This week saw all major media outlets suddenly transform into Good Housekeeping magazine, as the country got sucked into prolonged debate over Boris Johnson’s soft furnishings. Exactly how damaging the latest sleaze allegations turn out to be remains to be seen. In the meantime, we are more worried about how the government is wallpapering over the cracks in the Withdrawal Agreement than the wallpaper choices in Downing Street.
Probably not Number 11 Downing Street
Meanwhile in the Lords, Lord Frost has said that limited progress had been made in the talks with the EU on the Irish Protocol. Some 20 areas of unresolved difficulties remain and the UK’s aim is to obtain practical and proportionate customs arrangements. Now that the EU has ratified the Trade and Cooperation Agreement, we hope that he is a stronger position to obtain an outcome which will be acceptable in Northern Ireland.
In other positive news, the Covid Recovery Commission, led by Tesco chairman John Allan, has announced its hopes that the government will make the most of its newfound Brexit freedoms by reducing reliance on foreign supply chains. This is an eminently sensible suggestion, and it is good to see businessmen recognising Brexit for the opportunity it is.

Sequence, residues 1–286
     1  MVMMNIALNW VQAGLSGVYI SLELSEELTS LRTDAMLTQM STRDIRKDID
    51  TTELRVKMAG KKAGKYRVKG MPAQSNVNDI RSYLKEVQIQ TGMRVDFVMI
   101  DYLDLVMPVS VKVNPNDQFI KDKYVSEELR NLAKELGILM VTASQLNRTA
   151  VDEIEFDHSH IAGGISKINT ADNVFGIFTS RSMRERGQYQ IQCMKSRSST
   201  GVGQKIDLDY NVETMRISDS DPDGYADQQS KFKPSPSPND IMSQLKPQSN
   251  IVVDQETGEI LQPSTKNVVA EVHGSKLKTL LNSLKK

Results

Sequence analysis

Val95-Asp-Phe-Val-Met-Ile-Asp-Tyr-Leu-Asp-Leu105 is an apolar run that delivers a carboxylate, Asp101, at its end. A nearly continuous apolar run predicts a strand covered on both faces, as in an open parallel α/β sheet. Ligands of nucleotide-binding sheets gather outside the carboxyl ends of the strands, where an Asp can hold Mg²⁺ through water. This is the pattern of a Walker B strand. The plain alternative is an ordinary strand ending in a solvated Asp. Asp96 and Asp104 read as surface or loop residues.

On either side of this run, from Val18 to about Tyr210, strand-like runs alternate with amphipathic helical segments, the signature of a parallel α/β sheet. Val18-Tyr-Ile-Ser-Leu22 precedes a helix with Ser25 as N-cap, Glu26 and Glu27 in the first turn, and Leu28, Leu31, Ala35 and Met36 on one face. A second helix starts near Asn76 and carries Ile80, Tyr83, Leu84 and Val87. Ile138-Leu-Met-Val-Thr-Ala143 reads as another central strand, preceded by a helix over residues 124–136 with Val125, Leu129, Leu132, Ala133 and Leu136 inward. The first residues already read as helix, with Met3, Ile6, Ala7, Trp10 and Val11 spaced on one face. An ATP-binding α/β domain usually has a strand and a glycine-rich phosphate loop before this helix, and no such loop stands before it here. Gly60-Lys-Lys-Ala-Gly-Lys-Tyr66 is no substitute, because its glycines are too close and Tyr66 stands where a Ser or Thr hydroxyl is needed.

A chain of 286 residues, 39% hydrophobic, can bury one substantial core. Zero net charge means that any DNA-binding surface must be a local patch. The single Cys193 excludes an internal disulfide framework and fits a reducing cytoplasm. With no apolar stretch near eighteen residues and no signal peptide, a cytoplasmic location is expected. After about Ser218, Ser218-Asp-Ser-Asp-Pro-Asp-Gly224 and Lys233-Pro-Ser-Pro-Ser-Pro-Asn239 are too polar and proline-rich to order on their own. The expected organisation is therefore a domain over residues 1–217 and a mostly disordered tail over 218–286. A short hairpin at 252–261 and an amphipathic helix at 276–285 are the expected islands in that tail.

In classic British style, this was a Bank Holiday weekend marred by rain for many across the UK. By the next May Bank Holiday, however, this will matter a lot less: we have nearly made it to May 17, when indoor gatherings with friends and family will be legal once again. Thanks to an outstanding vaccination campaign, Britain has a chance to make a head start on its Covid recovery. It is vital that the government seizes this opportunity to finally get on life again. Finally, Britain can flourish, unencumbered by Covid or the EU.
Normal Bank Holiday service resumes
This week BfB contributor Harry Western’s excellent article ‘Brexiteers beware yet again – ‘BRINO’ is back’ has received coverage in the Sunday Express. You can read the full Express story here.
Meanwhile, BfB co-editor Graham Gudgin has written a piece for The Belfast Newsletter which takes the BBC to task for commissioning and reporting poll results on Irish Unity from a poll which always gives extreme results.
Graham has also written an article on the Queen’s University Politics Outreach website explaining in detail how living standards show that living standards in Northern Ireland are ahead of those in the Republic of Ireland when correctly measured.
Our other co-editor Robert Tombs’s new book on Brexit, ‘This Sovereign Isle’ has been very favorably reviewed by journalist and editor Oliver Wiseman in the City Journal and by the historian and journalist Andrew Roberts in The Telegraph.
On the website this week
Brexiteers beware yet again – ‘BRINO’ is back, by Harry Western